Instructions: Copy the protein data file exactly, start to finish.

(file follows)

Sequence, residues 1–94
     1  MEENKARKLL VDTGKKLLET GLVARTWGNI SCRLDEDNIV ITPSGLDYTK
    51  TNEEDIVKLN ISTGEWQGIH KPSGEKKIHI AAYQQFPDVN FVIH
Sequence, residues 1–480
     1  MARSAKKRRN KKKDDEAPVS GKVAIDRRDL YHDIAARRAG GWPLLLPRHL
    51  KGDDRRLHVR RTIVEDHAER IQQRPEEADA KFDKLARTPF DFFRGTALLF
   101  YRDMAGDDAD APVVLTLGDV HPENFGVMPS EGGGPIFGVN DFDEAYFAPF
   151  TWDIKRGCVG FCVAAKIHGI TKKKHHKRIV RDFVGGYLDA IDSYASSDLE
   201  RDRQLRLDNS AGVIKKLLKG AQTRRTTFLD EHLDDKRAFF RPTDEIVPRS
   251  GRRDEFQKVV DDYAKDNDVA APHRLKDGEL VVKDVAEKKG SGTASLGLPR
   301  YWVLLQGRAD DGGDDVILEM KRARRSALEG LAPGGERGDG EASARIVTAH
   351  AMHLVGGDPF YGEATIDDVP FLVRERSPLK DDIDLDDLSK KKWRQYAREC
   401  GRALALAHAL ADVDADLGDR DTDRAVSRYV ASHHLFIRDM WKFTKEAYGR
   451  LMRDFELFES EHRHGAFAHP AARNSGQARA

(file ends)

Sequence, residues 1–94
     1  MEENKARKLL VDTGKKLLET GLVARTWGNI SCRLDEDNIV ITPSGLDYTK
    51  TNEEDIVKLN ISTGEWQGIH KPSGEKKIHI AAYQQFPDVN FVIH
Sequence, residues 1–480
     1  MARSAKKRRN KKKDDEAPVS GKVAIDRRDL YHDIAARRAG GWPLLLPRHL
    51  KGDDRRLHVR RTIVEDHAER IQQRPEEADA KFDKLARTPF DFFRGTALLF
   101  YRDMAGDDAD APVVLTLGDV HPENFGVMPS EGGGPIFGVN DFDEAYFAPF
   151  TWDIKRGCVG FCVAAKIHGI TKKKHHKRIV RDFVGGYLDA IDSYASSDLE
   201  RDRQLRLDNS AGVIKKLLKG AQTRRTTFLD EHLDDKRAFF RPTDEIVPRS
   251  GRRDEFQKVV DDYAKDNDVA APHRLKDGEL VVKDVAEKKG SGTASLGLPR
   301  YWVLLQGRAD DGGDDVILEM KRARRSALEG LAPGGERGDG EASARIVTAH
   351  AMHLVGGDPF YGEATIDDVP FLVRERSPLK DDIDLDDLSK KKWRQYAREC
   401  GRALALAHAL ADVDADLGDR DTDRAVSRYV ASHHLFIRDM WKFTKEAYGR
   451  LMRDFELFES EHRHGAFAHP AARNSGQARA